Within weeks, Ottawa is expected to unveil proposed restrictions to an income tax amnesty program that has raked in millions for federal coffers, but experts are warning the government to tread carefully so that the changes don't siphon off the revenue flow.
Under the voluntary disclosure program, Canadians are allowed a second chance to make changes to their tax returns before auditors come calling. People can also apply to the Canada Revenue Agency for relief of prosecution and penalties.
The federal government has been loud in its plans to crack down on wealthy tax cheats and ensure Canadians pay their fair share. But tax lawyers say any changes to the program should strike a balance between tightening the rules and keeping it attractive.
"I understand why the government wants to improve and continue to evolve the program, but on most objective measures, the program is a success," said Michael Friedman, who co-chairs the tax group at the law firm McMillan.
"If you make the program too narrow or you make it more uncertain to a taxpayer whether they will get relief, they are less likely to come forward. ... If they impose too many hurdles, taxpayers will simply say there is too much risk here or I'm not going to incur the expense and time of coming forward."
The spring budget included $523.9 million over five years for the CRA to enhance its resources to catch tax cheats.
Last spring, National Revenue Minister Diane Lebouthillier set up the offshore compliance advisory committee to recommend strategies in dealing with offshore tax compliance. In its report in December, the committee recommended less generous provisions for the voluntary disclosure program in certain circumstances.
"The minister welcomed the proposed overall tightening of the VDP to ensure fairness of the tax system, notably in order to limit the repeated use of this program by sophisticated taxpayers who wish to minimize what they owe and restrict the circumstances in which it can be used," the CRA said in a statement.
Among the report's suggestions was a recommendation that taxpayers who sought expert advice and used complex offshore structures to evade significant amounts of tax over several years see their benefits from the program reduced.
The committee also said that anyone making a voluntary disclosure should be required to disclose the identity of advisers who helped them with their non-compliance.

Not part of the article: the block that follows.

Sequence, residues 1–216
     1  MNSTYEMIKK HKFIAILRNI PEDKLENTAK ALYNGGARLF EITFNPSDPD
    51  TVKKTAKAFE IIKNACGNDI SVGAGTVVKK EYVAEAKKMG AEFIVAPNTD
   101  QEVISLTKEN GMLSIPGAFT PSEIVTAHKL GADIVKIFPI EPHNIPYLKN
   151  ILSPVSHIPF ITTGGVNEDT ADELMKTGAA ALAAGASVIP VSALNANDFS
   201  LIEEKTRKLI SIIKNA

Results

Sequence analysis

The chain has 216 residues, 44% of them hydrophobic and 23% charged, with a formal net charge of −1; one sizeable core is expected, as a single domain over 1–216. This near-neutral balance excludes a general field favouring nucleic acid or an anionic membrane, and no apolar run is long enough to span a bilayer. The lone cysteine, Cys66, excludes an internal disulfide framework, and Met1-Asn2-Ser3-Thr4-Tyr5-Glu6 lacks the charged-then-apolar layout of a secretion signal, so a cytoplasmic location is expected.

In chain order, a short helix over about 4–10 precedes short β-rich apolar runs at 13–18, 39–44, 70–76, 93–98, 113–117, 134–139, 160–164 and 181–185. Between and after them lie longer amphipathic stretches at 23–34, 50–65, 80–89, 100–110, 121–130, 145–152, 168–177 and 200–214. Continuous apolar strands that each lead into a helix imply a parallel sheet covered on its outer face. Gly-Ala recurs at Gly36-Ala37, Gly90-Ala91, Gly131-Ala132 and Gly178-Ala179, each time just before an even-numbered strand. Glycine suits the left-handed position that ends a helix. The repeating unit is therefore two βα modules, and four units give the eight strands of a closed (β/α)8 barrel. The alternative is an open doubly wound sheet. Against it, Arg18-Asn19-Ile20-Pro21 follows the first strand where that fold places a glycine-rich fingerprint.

The CRA is expected to release draft changes to the program later this spring.
Gabe Hayos, vice-president of taxation at Chartered Professional Accountants of Canada, said he's supportive of the committee and its recommendations.
Hayos said it will be important that the changes make clear when taxpayers qualify under the rules and when they do not.
"The government and CRA have this responsibility to have a fair and equitable system," he said.
"Even if it is a few people, nobody wants to see a few people take advantage of the system."
But tax lawyer David Rotfleisch said the government shouldn't make any changes that would toughen the program. As it is, Rotfleisch said he has people coming into his office for an initial meeting and deciding against making a disclosure, even though the provisions are "extremely generous" with the way the system is set up.
"If the relief is less attractive or not available in some circumstances, then clearly there are going to be a larger percentage of Canadians who decide they are not going to go ahead and come forward," he said.
"Then CRA is back to relying on audit resources and other techniques to try to find these people, and really, a lot of them are not going to be found."
According to the CRA's 2014-15 annual report to Parliament, there were 19,134 voluntary disclosures received in the 2014-2015 fiscal year, an increase of 21% over the prior year. Total unreported income from all voluntary disclosures was over $1.3 billion.